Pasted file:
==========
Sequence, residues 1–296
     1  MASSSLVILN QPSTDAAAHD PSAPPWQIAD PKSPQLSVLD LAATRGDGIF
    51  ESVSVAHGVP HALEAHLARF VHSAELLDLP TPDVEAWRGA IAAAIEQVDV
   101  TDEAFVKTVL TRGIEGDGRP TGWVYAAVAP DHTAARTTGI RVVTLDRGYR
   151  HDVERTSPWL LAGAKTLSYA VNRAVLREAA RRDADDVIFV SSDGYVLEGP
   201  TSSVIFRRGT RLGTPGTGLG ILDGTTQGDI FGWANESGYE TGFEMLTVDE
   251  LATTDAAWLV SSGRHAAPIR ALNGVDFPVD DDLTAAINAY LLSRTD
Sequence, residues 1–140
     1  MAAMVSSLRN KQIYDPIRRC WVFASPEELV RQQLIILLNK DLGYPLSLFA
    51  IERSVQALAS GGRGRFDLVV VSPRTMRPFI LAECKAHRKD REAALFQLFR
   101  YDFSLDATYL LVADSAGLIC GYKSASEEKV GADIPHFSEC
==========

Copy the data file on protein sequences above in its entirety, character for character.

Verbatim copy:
Sequence, residues 1–296
     1  MASSSLVILN QPSTDAAAHD PSAPPWQIAD PKSPQLSVLD LAATRGDGIF
    51  ESVSVAHGVP HALEAHLARF VHSAELLDLP TPDVEAWRGA IAAAIEQVDV
   101  TDEAFVKTVL TRGIEGDGRP TGWVYAAVAP DHTAARTTGI RVVTLDRGYR
   151  HDVERTSPWL LAGAKTLSYA VNRAVLREAA RRDADDVIFV SSDGYVLEGP
   201  TSSVIFRRGT RLGTPGTGLG ILDGTTQGDI FGWANESGYE TGFEMLTVDE
   251  LATTDAAWLV SSGRHAAPIR ALNGVDFPVD DDLTAAINAY LLSRTD
Sequence, residues 1–140
     1  MAAMVSSLRN KQIYDPIRRC WVFASPEELV RQQLIILLNK DLGYPLSLFA
    51  IERSVQALAS GGRGRFDLVV VSPRTMRPFI LAECKAHRKD REAALFQLFR
   101  YDFSLDATYL LVADSAGLIC GYKSASEEKV GADIPHFSEC